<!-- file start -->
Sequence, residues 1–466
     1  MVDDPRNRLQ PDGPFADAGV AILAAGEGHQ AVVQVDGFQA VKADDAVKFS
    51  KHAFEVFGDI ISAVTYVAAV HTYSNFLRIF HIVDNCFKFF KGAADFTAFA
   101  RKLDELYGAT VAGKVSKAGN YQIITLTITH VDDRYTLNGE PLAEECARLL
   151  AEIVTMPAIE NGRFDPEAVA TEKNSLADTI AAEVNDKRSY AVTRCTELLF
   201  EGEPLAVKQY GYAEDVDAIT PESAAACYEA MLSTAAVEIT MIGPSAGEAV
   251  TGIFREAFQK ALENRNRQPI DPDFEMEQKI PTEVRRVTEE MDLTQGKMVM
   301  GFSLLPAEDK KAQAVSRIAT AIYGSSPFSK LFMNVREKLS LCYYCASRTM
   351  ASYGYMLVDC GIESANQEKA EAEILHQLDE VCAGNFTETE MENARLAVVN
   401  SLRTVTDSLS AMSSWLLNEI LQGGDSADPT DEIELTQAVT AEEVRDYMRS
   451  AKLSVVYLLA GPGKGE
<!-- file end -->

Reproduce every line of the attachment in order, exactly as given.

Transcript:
Sequence, residues 1–466
     1  MVDDPRNRLQ PDGPFADAGV AILAAGEGHQ AVVQVDGFQA VKADDAVKFS
    51  KHAFEVFGDI ISAVTYVAAV HTYSNFLRIF HIVDNCFKFF KGAADFTAFA
   101  RKLDELYGAT VAGKVSKAGN YQIITLTITH VDDRYTLNGE PLAEECARLL
   151  AEIVTMPAIE NGRFDPEAVA TEKNSLADTI AAEVNDKRSY AVTRCTELLF
   201  EGEPLAVKQY GYAEDVDAIT PESAAACYEA MLSTAAVEIT MIGPSAGEAV
   251  TGIFREAFQK ALENRNRQPI DPDFEMEQKI PTEVRRVTEE MDLTQGKMVM
   301  GFSLLPAEDK KAQAVSRIAT AIYGSSPFSK LFMNVREKLS LCYYCASRTM
   351  ASYGYMLVDC GIESANQEKA EAEILHQLDE VCAGNFTETE MENARLAVVN
   401  SLRTVTDSLS AMSSWLLNEI LQGGDSADPT DEIELTQAVT AEEVRDYMRS
   451  AKLSVVYLLA GPGKGE